Spaniards seek big, bright and airtight homes

Security, ventilation, and no nosy neighbors: consumer trends in Spain are offering clues to what the homes of the future might look like after a stringent lockdown turned many off their cramped, urban flats.

Angel Cavas is the founder of Modular Homes, which specializes in building self-sufficient houses equipped with solar panels, private water wells and even armor-plated bunker rooms.

“We have sold more houses than last year. It is true that we suffered a stop during the lockdown months, March and April, but July was the month that we sold the most in the history of Modular Home. Regarding the panic room, last year in 2019 we built two and this year 12.”

Cavas predicts an accelerated move towards off-grid living and expects greater interest from homeowners in producing their own energy and food.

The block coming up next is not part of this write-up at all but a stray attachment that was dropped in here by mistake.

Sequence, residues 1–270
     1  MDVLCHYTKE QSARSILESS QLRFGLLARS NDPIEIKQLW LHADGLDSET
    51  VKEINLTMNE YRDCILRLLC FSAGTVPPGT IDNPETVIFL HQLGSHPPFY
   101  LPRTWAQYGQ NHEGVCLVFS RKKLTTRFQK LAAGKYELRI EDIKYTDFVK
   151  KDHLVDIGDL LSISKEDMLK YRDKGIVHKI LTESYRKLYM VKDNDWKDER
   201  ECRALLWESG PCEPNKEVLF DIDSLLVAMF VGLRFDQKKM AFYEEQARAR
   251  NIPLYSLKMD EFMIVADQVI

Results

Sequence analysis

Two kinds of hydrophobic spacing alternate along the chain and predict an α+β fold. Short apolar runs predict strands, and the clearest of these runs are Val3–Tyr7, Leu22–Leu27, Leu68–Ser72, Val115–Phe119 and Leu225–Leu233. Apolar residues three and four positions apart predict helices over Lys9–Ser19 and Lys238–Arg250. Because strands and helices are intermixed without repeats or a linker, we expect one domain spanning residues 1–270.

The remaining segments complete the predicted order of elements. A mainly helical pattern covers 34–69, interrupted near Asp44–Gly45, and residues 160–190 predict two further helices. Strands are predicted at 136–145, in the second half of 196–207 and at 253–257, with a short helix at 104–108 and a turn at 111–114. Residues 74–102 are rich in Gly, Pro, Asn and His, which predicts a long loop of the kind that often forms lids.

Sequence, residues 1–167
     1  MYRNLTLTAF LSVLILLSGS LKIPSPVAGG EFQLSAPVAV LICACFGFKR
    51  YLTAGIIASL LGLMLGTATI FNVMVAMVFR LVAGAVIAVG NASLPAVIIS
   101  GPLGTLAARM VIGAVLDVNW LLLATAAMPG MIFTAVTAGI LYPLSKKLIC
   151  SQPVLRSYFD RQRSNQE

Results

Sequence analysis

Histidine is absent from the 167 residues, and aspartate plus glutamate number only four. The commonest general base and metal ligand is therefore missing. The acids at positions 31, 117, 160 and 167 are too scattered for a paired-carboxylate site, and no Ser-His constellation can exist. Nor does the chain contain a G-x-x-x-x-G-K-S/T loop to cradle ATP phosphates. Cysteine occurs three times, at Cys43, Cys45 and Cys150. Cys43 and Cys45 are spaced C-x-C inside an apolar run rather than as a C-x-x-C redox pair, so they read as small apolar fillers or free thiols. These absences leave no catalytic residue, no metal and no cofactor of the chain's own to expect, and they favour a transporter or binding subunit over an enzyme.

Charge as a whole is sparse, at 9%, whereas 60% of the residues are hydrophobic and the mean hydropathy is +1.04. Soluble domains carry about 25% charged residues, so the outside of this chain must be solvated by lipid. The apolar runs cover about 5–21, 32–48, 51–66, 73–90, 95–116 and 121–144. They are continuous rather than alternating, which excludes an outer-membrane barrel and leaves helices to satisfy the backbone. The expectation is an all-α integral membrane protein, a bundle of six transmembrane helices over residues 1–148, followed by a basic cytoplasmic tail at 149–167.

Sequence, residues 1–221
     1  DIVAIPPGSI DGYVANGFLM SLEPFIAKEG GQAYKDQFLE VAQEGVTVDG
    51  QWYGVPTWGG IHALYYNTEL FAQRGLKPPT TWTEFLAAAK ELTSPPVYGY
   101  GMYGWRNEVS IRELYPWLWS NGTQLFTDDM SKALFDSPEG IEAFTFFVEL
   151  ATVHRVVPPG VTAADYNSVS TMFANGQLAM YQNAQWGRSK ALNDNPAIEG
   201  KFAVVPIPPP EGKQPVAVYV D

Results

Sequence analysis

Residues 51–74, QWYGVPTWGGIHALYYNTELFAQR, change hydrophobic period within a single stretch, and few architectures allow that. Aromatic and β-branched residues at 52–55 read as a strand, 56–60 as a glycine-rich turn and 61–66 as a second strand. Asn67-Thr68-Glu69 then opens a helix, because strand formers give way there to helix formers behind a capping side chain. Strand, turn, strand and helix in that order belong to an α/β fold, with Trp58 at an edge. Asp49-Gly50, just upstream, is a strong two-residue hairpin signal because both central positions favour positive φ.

Heightened anxiety has also led to a greater desire for distance, with interest in detached homes skyrocketing.

Architects say new designs are all about being bigger, brighter, and multi-purpose, with flexible spaces to accommodate working from home.

Air quality is high in clients’ minds, too.

Ander Echeverria is the founder of a low emission building company.

The air in his homes renews just over once every hour, thanks to a rigorous ventilation system.

“This is an F7 filter. As we can see comparing it with the new one, all this filth would have gotten into the home if we didn’t have the filter. This is a F7 filter but we could even put a F9 or HEPA in, like the ones used in planes.”

Echeverria said he has been flooded with enquiries and sales have more than doubled on last year.